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N.C. Daga Vs. Inder Mohan Singh Rana [2002] Insc 524 (5 December 2002)

Syed Shah Mohammed Quadri & Arijit Pasayat Arijit Pasayat, J.

(Arising Out of S.L.P. (C) No. 21346/2001)

Leave granted.

Challenge in this appeal is to judgment of the Delhi High Court upholding decision of the Additional Rent Controller, Delhi (in short 'the Rent Controller') declining leave to the present appellant to contest in a proceeding under the Delhi Rent Control Act, 1958 (hereinafter referred to as 'the Act').

Brief reference to the factual aspects would suffice. The respondent-landlord filed a petition for eviction on several grounds; primarily on the ground of personal requirements. Before the Rent Controller an application was moved under Section 25-B of the Act by the appellant-tenant for grant of leave to defend said eviction petition filed under Section 14(1), proviso (e) of the Act, by the present respondent-landlord. On 10.9.1999 landlord had filed the eviction petition alleging that he wanted the premises for his personal use, since the accommodation available to him was not suitable and he does not own any other property in Delhi.

Tenant resisted the eviction petition on many grounds. It was contended that there was no relationship of landlord and tenant between the parties, and in any event the premises were let out for residential/commercial purposes as mentioned in the Lease Agreement executed between the parties on 1st September, 1971, and, therefore, he is entitled to grant of leave to defend. Additionally, it was stated that the petition was mala fide and an abuse of process of law, barred by res judicata as earlier petitions filed by one Smt. Tejinder Kaur Rana on the ground of bona fide requirement, and another petition filed by the mother of the landlord were dismissed. Reply to the application for grant of leave to defend was filed by the landlord, where he denied the allegations made, though he admitted that earlier petitions had been filed. It was, however, contended that the principles of res judicata were not applicable, and there was no bar on filing fresh petition for eviction on the ground of bona fide requirement in the changed circumstances.

Rejoinder was filed by the tenant. The Rent Controller held that there was prima facie material to show that the applicant was the landlord and the owner of the premises. Coming to the plea taken that the premises were let out for commercial purposes it was noticed that the paragraph 7 of the lease-deed on which reliance was placed did not indicate that the premises were let out for residential cum commercial purposes. On the contrary, what the said paragraph indicated was availability of option to use the premises for commercial purposes after requisite formalities were observed. It was held that before leave to defend is granted, the respondent must show that some triable issues which disentitled the applicant from getting the order of eviction against the respondent and at the same time entitled the respondent to leave to defend existed. The onus is prima facie on the respondent and if he fails, the eviction follows. The respondent has failed to make out a case for grant of leave to defend. Accordingly, eviction order was passed under Section 14(1)(e) of the Act, but it was directed that the applicant will not be entitled to execute eviction order before the expiry of six months in terms of Section 14(7) of the Act. The revision before the High Court of Delhi was also dismissed. It was, inter alia, observed that the tenant had not filed any document to support the plea in regard to the commercial use of the premises. It was further held that no prima facie case was made out by the tenant.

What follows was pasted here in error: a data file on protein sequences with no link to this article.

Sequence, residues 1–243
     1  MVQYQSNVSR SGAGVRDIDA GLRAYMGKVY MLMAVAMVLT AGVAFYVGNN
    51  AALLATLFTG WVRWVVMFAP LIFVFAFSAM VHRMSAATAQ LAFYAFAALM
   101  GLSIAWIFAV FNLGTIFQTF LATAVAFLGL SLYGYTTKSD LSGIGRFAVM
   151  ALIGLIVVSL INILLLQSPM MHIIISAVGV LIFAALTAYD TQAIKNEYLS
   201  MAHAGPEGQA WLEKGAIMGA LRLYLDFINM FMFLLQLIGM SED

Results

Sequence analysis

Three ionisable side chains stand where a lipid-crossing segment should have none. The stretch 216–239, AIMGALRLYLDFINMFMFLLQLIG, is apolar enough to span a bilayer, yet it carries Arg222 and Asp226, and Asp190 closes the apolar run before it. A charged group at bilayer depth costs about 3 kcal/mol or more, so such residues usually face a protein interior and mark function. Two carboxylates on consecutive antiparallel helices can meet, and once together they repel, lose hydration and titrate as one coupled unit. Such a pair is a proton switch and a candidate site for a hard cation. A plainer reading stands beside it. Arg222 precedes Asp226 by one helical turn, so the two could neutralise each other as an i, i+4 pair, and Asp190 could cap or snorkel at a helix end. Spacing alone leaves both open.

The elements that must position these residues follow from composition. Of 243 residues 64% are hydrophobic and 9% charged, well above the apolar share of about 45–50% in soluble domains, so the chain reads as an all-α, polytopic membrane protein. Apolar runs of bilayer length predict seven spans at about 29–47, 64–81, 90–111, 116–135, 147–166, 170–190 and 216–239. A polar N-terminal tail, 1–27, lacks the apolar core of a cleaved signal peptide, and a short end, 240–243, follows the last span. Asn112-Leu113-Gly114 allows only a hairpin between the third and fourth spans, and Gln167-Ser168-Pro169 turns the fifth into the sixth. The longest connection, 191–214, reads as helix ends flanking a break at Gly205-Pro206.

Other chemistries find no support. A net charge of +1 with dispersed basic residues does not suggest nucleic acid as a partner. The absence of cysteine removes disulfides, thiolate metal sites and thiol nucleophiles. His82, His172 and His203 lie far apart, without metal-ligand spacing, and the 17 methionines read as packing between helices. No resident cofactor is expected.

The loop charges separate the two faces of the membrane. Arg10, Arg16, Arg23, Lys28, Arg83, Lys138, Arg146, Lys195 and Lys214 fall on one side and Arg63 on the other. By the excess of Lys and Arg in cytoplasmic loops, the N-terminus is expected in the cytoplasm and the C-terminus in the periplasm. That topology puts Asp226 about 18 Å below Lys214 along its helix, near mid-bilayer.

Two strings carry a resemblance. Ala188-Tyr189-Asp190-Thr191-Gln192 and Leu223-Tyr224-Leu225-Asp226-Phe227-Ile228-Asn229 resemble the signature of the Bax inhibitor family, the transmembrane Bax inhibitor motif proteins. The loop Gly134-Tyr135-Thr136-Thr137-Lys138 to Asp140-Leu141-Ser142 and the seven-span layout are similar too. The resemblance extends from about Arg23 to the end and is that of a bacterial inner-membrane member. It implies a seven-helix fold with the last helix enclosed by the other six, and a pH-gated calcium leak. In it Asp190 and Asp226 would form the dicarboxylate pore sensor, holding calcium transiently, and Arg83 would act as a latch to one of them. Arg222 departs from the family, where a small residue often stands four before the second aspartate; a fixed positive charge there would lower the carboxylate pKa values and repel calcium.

In support of the appeal Mr. Jaspal Singh, learned senior counsel submitted that a bare reading of Section 7 of the Lease Agreement made the position clear that the premises were let out for residential and commercial purposes, and, therefore, the courts below were not justified in refusing leave to contest. The jurisdiction to grant leave or refuse the same is to be exercised on the basis of the affidavit filed by the tenant. Even if it is conceded for the sake of argument that clause (7) did not make out a case for commercial user, yet the fact that for more than two decades the tenant was carrying on commercial activities in the tenanted premises clearly made out a case of consent.

In response, counsel for the respondent-landlord submitted that the whole case built up by the tenant centered round clause (7) and the plea of implied consent has been raised for the first time before this court. Such plea was even not raised before the High Court. In any event, according to him, the matter has become infructuous because the possession has been taken pursuant to execution of the order passed by the Rent Controller.

In view of the admitted position that pursuant to the order passed by the Rent Controller, possession has been taken on execution of the order permitting eviction, and absence of specific stand regarding implied consent it is, however, not necessary to go into the finer details and to examine the rival stand in the background of legal position as it would amount to rendering decision on a purely academic question. The appeal is, therefore, dismissed, without any order as to costs.

 

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